At a symposium June 18-19 in Sacramento, agriculture professionals and policymakers will get a first look at new research that shows the rate of growth of public funding for agricultural research and extension has declined and the rate of growth in agricultural productivity is also slowing.

A soon-to-be-released study by agricultural economists Julian Alston of UC Davis, Philip Pardey of the University of Minnesota and Jennifer James of California Polytechnic State University, San Luis Obispo, shows that from 1949 to 2002, in inflation-adjusted terms, total U.S. public spending on agricultural research grew by 1.85 percent per year, but from 1991 to 2002, spending growth slowed to only 0.43 percent per year. Research and development spending in California's state agricultural experiment station also slowed dramatically in the 1990s.

These investment trends are mirrored in productivity trends. From 1949 to 2002, California agricultural productivity grew by 1.85 percent per year, but from 1991 to 2002, agricultural productivity grew by only 1.08 percent per year.

"This measured slowdown in productivity growth is economically very important," Alston said. "Applied to an industry with an economic value of about $34 billion per year, the difference between 1 percent and 2 percent growth in productivity compounding over time represents billions of dollars per year even after only a decade or two."

Cal Poly SLO's James will present results from the joint research and its implications at the Symposium on Agricultural Research and Extension, sponsored by the UC Division of Agriculture and Natural Resources and the California Commodity Committee. Symposium organizers hope to raise awareness of the importance of agricultural research and extension in California. Presentations will prepare participants to assist in developing strategies for promoting and funding commodity research and extension work.

"The historical commitment of the United States to agricultural research and development has helped farmers provide Americans with a dependable, wholesome and reasonably priced food supply for many decades," Alston said. "A renewed commitment of public support for agricultural R&D could restore farm productivity growth and avert a continuing decline in California's international competitiveness."

Particularly through its productivity effects, agricultural research offers practical long-term solutions to address resource scarcity concerns, to provide relief from high and rising food prices, and to ameliorate the consequences of climate change and other adverse environmental factors, he said.

The issues are long term. "Successful agricultural research often takes years to affect productivity, but then the positive effect on productivity can persist for decades," Alston said. "Conversely, it may take 10 to 20 years before the negative effects of scaling back research spending become apparent."

The conference agenda includes the following presentations:

June 18

The Land Grant, Experiment Station and Cooperative Extension Mandates — Gale Buchanan, USDA under secretary for research, education and economics

Agricultural productivity patterns and the payoffs to public from agricultural R&D — Jennifer James, associate professor of agribusiness, Cal-Poly San Luis Obispo

The legacy of the past century's investment (scientific development, agricultural advancements, global leadership, others). Case studies and review of the contribution these have made to society and our economy — Dan Sumner, director of the UC Agricultural Issues Center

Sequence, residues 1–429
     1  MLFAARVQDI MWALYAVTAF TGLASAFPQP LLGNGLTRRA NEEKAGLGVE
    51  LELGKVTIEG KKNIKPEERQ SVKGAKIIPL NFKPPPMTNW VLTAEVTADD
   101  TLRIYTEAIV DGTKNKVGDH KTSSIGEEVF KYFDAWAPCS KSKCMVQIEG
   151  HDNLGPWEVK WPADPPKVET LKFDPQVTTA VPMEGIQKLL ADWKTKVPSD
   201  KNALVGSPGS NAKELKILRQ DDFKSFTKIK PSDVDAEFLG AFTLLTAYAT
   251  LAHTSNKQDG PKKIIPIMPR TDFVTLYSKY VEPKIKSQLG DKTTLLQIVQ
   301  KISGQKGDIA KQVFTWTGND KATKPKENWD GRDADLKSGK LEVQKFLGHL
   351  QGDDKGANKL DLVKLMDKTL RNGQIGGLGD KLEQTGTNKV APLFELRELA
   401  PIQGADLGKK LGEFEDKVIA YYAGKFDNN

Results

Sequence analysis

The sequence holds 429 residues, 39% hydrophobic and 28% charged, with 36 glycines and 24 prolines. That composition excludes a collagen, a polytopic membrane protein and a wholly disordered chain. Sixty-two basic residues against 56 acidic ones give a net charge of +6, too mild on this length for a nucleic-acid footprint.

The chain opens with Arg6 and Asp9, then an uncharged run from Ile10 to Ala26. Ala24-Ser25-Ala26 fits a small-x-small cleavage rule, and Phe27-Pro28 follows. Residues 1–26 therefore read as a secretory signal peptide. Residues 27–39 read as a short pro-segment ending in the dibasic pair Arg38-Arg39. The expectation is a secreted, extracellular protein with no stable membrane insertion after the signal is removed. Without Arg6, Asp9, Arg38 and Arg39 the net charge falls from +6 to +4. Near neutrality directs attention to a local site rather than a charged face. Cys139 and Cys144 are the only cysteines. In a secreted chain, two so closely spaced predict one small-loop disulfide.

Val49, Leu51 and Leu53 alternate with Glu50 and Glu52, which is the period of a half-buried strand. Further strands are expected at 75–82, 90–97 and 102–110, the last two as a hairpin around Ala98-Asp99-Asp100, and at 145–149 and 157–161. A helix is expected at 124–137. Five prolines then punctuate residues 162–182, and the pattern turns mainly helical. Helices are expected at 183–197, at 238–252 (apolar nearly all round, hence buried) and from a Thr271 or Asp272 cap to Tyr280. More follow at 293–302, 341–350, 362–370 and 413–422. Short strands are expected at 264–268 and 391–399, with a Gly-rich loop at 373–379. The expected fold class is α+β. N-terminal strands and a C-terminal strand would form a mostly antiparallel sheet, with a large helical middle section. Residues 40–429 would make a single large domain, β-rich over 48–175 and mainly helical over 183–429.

Benefits to society at large — Timothy Paine, UC Riverside

Trends in public investment – where does funding come from, where does it go; start-up costs; how has it changed over time – trends in FTEs; different kinds of extra-mural grants — Rick Standiford, associate vice president of UC ANR; Donald Cooksey, interim dean of the College of Natural and Agricultural Sciences, UC Riverside

June 19

Commodity research and the experiment station mission — Neal Van Alfen, dean of Agricultural and Environmental Sciences, UC Davis

Financial considerations that constrain research – overhead and other issues — Charles Louis, vice chancellor, UC Riverside

Importance of state, federal and voluntary commodity programs — George Gomes, undersecretary, California Department of Food and Agriculture

Council on Agricultural Research Extension and Teaching — Karen Ross, California Association of Winegrape Growers

What can be learned from other states or countries in terms of relationships and initiatives? — Panel

Cotton research and extension models in Australia — Daniel Munk, cotton production systems farm advisor, UC Cooperative Extension Fresno County

Citrus research and extension in Florida, Arizona and California – a comparative analysis — Ted Batkin, executive director of Citrus Research Board

The combined viticulture and enology research grants program and the National Grape and Wine Initiative — Deborah Golino, Cooperative Extension specialist, UC Davis

The role of the CSU colleges of agriculture in commodity research in California — David Wehner, dean of Agriculture, Food and Environmental Sciences, Cal-Poly San Luis Obispo

Response and opportunities for future collaborations. What are the next steps? What would be the components of an action plan? — Dan Dooley, vice president, UC Agriculture and Natural Resources

The symposium will be held at Marriott Courtyard Sacramento Cal Expo, 1782 Tribute Road in Sacramento.

Registration fee is $50, after June 3 it will be $75. To register go to http://forestry.berkeley.edu/ccc/. For more information or to register by mail contact Sherry Cooper at (530) 224-4902 or slcooper@nature.berkeley.edu.

For lodging information, see http://forestry.berkeley.edu/ccc/lodging.php.

A proceedings documenting the presentations will be created after the symposium.